Rebellious users are a pain. Introducing a feature that changes the standard workflow is a harbinger of confused users and new help-desk tickets. Eventually, a user might stumble onto some workaround to avoid the new feature, and this workaround will then be passed down and changed via interoffice oral tradition. Ancient tribes that were present for the creation of the world 6,000 years ago passed down tales of the earth mother. We pass down keyboard shortcuts.
Jesse B. worked on banking software years ago. As banks control lots and lots of (other peoples') money, they make the rules. Jesse was entangled in maintenance of an application for tellers and retail banking clerks. His time was dedicated to customization and enhancement for a particular client bank.
Jesse's contact was Sherri, a liaison from the bank. She was great at distilling requirements and changes reported by the bank and communicating them in a way that developers would understand. Jesse had grown to enjoy their weekly meetings.
One week, though, Sherri brought up an issue that the bank had been experiencing. Note I didn't say "the users" — this issue existed bankwide. Sherri explained, "The totals are getting out of synch when the tellers cancel out of the cash counter dialog."
This was a big huge major gigantic horrible problem. This issue was affecting the running totals for tellers' activities during the day; cash in, cash out, checks in, traveler's checks sold, and so on. When these totals didn't add up correctly at the end of the day, it was a major priority to determine the problem. As such, Jesse dropped everything he was doing and began investigating immediately.
Jesse recalled Sherri's description of the issue: "The totals are getting out of synch when the tellers cancel out of the cash counter dialog." This dialog was a window that popped up after a transaction above a certain threshold, say $1,000. It worked much like the assignment that you probably had in CIS 101: it'd tell how much change was due in terms of each denomination (4 x $20 bills, 1 x $10 bills, 0 x quarters, 2 x dimes...) and asked tellers to enter the actual amount given. It was irritating for the users, but it was a requirement from the bank that helped prevent errors. In fact, the bank had required that all options for cancelling the window from appearing be removed; there could be no little "x" in the corner, no "Cancel," nothing.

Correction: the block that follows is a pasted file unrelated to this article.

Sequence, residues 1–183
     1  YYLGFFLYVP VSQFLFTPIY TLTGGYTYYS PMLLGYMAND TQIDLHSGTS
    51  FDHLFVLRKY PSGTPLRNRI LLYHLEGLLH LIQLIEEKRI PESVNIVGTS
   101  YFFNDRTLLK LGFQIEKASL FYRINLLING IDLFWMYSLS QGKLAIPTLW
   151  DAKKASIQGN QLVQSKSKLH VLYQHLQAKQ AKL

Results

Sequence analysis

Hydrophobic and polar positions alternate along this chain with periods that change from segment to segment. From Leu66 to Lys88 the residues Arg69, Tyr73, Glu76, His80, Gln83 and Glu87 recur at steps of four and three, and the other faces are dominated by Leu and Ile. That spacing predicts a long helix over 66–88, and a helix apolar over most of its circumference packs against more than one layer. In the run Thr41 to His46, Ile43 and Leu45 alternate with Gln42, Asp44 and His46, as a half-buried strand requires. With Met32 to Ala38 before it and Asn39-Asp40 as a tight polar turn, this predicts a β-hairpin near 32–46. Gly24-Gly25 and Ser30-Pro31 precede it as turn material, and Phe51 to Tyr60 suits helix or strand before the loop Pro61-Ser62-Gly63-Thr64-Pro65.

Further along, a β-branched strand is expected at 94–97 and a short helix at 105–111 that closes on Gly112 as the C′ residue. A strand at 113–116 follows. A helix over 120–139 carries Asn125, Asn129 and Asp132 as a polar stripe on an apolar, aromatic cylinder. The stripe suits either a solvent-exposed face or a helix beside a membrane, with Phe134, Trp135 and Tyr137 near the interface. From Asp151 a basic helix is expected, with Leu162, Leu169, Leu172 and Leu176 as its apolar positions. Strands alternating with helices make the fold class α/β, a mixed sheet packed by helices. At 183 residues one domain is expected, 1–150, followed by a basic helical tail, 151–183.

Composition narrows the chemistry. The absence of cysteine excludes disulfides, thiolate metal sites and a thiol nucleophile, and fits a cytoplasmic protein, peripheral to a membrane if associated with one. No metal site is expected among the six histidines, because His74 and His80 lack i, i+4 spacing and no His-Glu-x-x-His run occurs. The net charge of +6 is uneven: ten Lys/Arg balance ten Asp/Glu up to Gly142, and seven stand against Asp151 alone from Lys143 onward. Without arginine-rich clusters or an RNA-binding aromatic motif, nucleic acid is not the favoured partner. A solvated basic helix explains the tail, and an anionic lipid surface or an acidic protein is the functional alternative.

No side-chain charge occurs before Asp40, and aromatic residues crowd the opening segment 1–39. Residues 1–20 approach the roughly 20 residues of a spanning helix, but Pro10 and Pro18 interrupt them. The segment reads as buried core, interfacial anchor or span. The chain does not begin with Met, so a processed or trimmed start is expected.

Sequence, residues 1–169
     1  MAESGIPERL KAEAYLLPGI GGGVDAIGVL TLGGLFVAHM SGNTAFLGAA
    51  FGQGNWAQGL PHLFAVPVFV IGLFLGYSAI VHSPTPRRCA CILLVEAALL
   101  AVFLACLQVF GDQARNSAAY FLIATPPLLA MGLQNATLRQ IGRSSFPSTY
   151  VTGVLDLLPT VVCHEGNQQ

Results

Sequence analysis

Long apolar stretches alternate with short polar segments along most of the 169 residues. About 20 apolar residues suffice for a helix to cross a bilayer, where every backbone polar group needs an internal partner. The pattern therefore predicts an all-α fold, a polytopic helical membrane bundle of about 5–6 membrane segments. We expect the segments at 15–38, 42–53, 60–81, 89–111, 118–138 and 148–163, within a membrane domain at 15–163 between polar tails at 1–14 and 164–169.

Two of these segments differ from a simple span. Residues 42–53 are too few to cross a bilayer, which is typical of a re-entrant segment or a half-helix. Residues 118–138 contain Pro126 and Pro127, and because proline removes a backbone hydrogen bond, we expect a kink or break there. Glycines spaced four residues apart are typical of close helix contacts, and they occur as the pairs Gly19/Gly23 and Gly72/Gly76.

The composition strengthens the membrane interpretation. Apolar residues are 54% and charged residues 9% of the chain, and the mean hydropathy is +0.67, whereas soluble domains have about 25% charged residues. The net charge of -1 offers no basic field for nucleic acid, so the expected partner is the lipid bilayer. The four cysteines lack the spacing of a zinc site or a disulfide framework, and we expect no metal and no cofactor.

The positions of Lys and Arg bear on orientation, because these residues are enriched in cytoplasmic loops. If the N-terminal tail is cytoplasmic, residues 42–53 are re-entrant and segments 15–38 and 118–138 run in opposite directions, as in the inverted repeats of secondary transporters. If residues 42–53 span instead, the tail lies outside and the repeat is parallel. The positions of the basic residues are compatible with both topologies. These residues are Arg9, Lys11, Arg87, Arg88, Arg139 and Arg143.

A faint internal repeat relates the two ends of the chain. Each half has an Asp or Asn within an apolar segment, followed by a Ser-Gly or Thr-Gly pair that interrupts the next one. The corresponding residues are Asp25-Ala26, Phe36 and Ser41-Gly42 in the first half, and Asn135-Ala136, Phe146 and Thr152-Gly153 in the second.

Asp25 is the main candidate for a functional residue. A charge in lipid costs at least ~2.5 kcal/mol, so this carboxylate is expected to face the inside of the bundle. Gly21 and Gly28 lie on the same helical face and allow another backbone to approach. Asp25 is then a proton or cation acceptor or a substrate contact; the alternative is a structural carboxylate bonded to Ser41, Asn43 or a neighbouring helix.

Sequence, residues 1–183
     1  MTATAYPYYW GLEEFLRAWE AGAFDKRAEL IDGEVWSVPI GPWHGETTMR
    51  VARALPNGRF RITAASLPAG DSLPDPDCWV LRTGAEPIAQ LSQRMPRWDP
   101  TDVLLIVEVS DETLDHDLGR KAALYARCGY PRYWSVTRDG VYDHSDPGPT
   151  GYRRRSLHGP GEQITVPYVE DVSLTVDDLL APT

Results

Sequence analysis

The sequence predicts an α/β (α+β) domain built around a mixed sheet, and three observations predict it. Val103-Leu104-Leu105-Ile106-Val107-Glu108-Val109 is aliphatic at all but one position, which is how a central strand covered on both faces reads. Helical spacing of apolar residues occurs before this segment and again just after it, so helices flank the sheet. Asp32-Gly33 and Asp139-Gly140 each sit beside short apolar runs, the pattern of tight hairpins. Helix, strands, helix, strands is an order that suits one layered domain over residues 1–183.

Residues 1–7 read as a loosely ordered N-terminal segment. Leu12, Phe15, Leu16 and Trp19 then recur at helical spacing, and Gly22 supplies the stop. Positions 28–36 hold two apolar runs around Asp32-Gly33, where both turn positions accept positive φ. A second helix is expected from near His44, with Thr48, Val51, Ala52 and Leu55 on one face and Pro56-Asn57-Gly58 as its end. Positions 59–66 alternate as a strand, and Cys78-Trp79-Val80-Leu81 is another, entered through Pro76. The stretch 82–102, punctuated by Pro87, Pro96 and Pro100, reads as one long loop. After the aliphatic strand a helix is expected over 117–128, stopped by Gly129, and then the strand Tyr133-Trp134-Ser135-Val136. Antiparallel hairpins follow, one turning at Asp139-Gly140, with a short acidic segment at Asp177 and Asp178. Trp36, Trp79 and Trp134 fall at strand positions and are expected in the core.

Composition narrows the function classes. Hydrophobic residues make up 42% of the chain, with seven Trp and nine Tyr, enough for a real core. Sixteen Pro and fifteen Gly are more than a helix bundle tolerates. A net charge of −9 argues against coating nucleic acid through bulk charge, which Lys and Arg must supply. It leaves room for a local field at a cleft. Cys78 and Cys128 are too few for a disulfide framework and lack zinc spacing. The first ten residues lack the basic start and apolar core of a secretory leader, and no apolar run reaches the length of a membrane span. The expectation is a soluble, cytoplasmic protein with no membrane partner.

Jesse was puzzled. There was no way for users to cancel the dialog, other than completing the transaction. He called Sherri and asked her to explain. "They're using control-alt-delete," she said matter-of-factly. After a few moments of silence, she continued, "we go into the task manager, in the 'Processes' screen, and cancel out of the cash counter dialog that way. It's quicker than filling out all the text boxes on the dialog."
To be clear, Jesse was serious about killing the process. After all, their software wasn't some rinkydink application that could be bothered to respond to "End Task" requests. No, the process had to be killed.
Jesse explained the gravity of users "cancelling the dialog" in this way; that it directly subverted the accounting measures by ending the application. She took the news in stride, though. "Oh, well maybe we should handle this as a training issue then."